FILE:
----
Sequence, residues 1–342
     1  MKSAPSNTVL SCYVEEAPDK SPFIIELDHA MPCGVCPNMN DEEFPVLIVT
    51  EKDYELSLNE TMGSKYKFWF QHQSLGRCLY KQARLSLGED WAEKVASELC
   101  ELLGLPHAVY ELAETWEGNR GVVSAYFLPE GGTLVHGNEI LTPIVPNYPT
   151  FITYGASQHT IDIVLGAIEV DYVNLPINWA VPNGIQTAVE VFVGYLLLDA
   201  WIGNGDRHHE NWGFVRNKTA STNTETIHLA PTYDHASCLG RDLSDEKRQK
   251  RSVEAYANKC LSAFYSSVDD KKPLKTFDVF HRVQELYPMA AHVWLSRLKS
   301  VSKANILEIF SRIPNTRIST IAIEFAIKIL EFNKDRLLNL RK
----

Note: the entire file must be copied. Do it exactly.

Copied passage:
Sequence, residues 1–342
     1  MKSAPSNTVL SCYVEEAPDK SPFIIELDHA MPCGVCPNMN DEEFPVLIVT
    51  EKDYELSLNE TMGSKYKFWF QHQSLGRCLY KQARLSLGED WAEKVASELC
   101  ELLGLPHAVY ELAETWEGNR GVVSAYFLPE GGTLVHGNEI LTPIVPNYPT
   151  FITYGASQHT IDIVLGAIEV DYVNLPINWA VPNGIQTAVE VFVGYLLLDA
   201  WIGNGDRHHE NWGFVRNKTA STNTETIHLA PTYDHASCLG RDLSDEKRQK
   251  RSVEAYANKC LSAFYSSVDD KKPLKTFDVF HRVQELYPMA AHVWLSRLKS
   301  VSKANILEIF SRIPNTRIST IAIEFAIKIL EFNKDRLLNL RK